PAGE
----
– The Ontario Construction Report Special Feature
Bailey McKendrick knew in her late teens that she wanted to be a welder. Today she is an apprentice welder.
Initially deciding to try other options, McKendrick says she attended university for a time, and then realized it wasn’t for her. She then enrolled at Fleming College in its welding techniques program. “Looking back on it, I am happy I made that choice when I did because I wouldn’t take my job as seriously as I do now.” She says her family and friends have always been behind her and have supported and encouraged her career choice.
She says without them she wouldn’t be where she is today. “I haven’t been in my trade very long (since 2012) but still to this day I have people doubting me or telling me that I can’t or should not be a welder. Having a great support system has been more than I could ever ask for.”
There is ample evidence, she says, that welding is still a male dominated trade. “There are still many men who are old school and don’t believe a woman should be in a shop or on a job site.”
She says the stereotypes are still the biggest obstacle to more women entering the trades and these will only change with time and more women proving these outdated ideas wrong. “Women in general have skills including patience, attention to detail and an ability to multi-task that are very valuable in this kind of work.”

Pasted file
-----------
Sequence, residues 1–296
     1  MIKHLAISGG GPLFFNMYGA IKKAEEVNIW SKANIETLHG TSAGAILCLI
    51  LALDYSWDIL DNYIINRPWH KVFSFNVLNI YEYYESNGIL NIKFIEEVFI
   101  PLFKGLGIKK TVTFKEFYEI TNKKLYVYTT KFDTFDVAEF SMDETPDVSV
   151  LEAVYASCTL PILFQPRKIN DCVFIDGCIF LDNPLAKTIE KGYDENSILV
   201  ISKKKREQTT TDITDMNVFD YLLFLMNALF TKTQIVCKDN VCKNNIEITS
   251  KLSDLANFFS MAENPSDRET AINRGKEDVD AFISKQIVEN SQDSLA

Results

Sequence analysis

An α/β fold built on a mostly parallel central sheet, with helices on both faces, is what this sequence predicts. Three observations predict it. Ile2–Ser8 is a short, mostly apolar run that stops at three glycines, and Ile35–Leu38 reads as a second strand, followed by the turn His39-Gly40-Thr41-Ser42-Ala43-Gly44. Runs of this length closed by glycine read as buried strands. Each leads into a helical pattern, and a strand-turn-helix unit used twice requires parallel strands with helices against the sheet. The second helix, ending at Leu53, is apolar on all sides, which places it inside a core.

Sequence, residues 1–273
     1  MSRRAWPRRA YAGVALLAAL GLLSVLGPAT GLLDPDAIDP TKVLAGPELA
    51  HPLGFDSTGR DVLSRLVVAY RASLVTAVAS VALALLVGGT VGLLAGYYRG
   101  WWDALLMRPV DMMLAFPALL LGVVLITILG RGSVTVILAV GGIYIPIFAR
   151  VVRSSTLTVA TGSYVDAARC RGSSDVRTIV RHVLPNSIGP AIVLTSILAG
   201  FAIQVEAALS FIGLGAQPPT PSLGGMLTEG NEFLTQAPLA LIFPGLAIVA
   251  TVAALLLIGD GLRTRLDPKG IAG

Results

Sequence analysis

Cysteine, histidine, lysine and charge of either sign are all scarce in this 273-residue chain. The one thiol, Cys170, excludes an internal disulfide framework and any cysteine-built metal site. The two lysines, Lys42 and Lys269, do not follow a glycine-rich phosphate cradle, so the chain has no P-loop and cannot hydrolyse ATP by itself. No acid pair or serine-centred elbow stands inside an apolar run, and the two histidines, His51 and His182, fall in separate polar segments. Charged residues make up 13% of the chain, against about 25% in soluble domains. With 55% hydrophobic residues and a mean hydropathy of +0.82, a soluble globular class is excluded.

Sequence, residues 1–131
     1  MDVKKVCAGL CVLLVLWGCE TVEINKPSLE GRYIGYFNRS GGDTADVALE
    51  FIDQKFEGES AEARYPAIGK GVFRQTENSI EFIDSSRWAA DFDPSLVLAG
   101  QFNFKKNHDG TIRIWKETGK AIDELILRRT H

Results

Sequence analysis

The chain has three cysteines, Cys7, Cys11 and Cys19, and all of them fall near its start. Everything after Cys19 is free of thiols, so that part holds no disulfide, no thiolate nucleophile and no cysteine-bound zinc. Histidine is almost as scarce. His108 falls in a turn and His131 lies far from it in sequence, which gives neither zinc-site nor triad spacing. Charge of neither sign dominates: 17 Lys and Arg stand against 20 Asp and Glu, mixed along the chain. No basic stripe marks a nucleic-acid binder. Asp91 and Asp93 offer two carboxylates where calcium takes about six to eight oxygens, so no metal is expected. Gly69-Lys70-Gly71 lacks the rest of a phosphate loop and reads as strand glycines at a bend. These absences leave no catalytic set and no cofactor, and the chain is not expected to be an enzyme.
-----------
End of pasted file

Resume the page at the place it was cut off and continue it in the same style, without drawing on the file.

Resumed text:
Beyond these challenges, she says maintaining quality welds on a variety of different materials and in different positions can be difficult work. “I love what I do though. I get to use torches (I joke around and say play with fire) take a piece, or several pieces of steel, and put them together to make something bigger and better. I (am) beyond lucky to be able to work with my hands.”
McKendrick balances her time between work and continuing in trade school through UA Local 46 to earn her Red Seal. She has worked on a variety of projects including structural steel for farm projects and bridges.
Saying the possibilities are endless once she achieves her Red Seal, McKendrick is considering union membership and the opportunity to travel to work in the west.
She says she would absolutely recommend this as a career for anyone who has an interest, but also says welding isn’t for everyone. “If you like working with your hands, any trade is worth exploring. Just work hard, and stay humble.”
McKendrick is involved with KickAss Careers, a group focused on building awareness of careers in trades.